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Podcasting House Concerts?


I can cross “’Manzanitaville’ lyrics” off the to-do list. Done, and it sounds like it’ll be okay. Yes, a parody, but it ended up with substantially more social commentary than I’d planned. We’ll practice it Sunday night and see how it comes off. It was scheduled to be the #2 song on The Impromptus’ setlist for the Manzanita Farmer’s Market.

Another of those Wild Ideas… Between the economy (which is in shambles) and high fuel prices (which will make the economy even more of a shambles), people are pretty much not going to be going anywhere at all for their entertainment. How can one deliver them entertainment really close to home? And make a living doing it?

Consider the House Concert. House concerts are legal in most places; they work real well for a visiting artist who has a small fan base in the area and doesn’t want to (or can’t) rent a venue for a concert. Small gate fee covers expenses; you sell some CDs.

What if it were taken one step further? Could that house concert be streamed live, perhaps, so the guy in Latvia, say (I still wonder how I managed to get fans in Latvia), who can’t make it to the concert under any conditions, can hear it, too? That technology exists—it’s in use right here in Tillamook County. I’d like to use it, in fact, to broadcast the Deathgrass CD Release Event when it happens, because I don’t think that’s been done before (it certainly hasn’t been done in this area). But streaming is free, isn’t it? Or is it?

I think it wouldn’t have to be. If one wants to listen to a podcast, one is accessing a Website; a lot of Websites are set up to restrict access to all or parts of the Website unless one is “registered” and has a password. One could take that a step further and require payment of a few bucks to get the password. Could do that from the Deathgrass Website I’ve been talking about (but haven’t done anything about yet). And of course, one wouldn’t want to do the requiring-money thing right away—initially, the podcasts would have to be free, until people were hooked on the events. (Yes, this is the business plan of the middle-school drug dealer. It works.)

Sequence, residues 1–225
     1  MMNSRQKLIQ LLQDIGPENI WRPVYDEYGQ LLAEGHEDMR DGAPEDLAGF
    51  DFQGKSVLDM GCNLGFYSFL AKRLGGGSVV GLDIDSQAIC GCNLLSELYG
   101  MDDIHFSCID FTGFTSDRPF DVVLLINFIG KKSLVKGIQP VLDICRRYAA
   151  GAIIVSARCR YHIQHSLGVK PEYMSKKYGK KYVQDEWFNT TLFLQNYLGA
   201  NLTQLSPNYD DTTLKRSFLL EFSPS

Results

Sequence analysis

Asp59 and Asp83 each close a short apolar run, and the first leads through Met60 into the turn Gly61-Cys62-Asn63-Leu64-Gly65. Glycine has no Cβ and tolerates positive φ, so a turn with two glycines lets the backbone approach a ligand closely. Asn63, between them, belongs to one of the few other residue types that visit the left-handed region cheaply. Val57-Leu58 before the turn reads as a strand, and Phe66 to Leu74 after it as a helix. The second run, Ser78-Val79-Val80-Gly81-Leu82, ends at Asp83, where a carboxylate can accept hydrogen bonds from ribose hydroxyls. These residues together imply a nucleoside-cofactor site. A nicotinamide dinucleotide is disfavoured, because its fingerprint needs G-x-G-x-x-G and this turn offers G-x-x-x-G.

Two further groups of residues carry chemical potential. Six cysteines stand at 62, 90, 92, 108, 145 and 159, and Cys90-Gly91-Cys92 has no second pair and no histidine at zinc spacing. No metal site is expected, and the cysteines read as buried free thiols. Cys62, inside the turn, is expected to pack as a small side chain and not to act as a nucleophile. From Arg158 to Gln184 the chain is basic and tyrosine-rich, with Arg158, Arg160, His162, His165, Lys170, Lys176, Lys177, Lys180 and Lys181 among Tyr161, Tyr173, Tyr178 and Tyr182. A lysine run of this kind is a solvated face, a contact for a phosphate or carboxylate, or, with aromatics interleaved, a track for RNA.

Another step further? What if our fan in Latvia wanted to get together with the 28 other fans in Latvia (I have kept track) and watch the concert together on a big-screen TV at the local tavern? He could. That technology is widespread; it’d only take one “registration”—and if the tavern wanted to charge a gate fee, they could, and that would be income totally to them. One could rig the Website so concert podcasts were archived, and once you’d “registered” for a particular concert, you could watch it over and over again free if you wanted, even download it if you wanted—I’m after exposure, and I don’t care. (I have got to talk to a Website designer about this.)

I think this is one of those “have to try this” things. Current plan is to have the CD Release Event at the Bay City Arts Center (this assumes I can schedule a date that’ll work for both the Arts Center and the band); I’ll contact our local Internet radio station about the streaming. Could people log in there to hear the concert live? Or would we have to have another Website—our own, say? This would be an opportunity for the folks out of town—not just in Latvia, but other places—to “attend.” For most of them, it’d be their first “live” Deathgrass concert. With luck, they’d want more.



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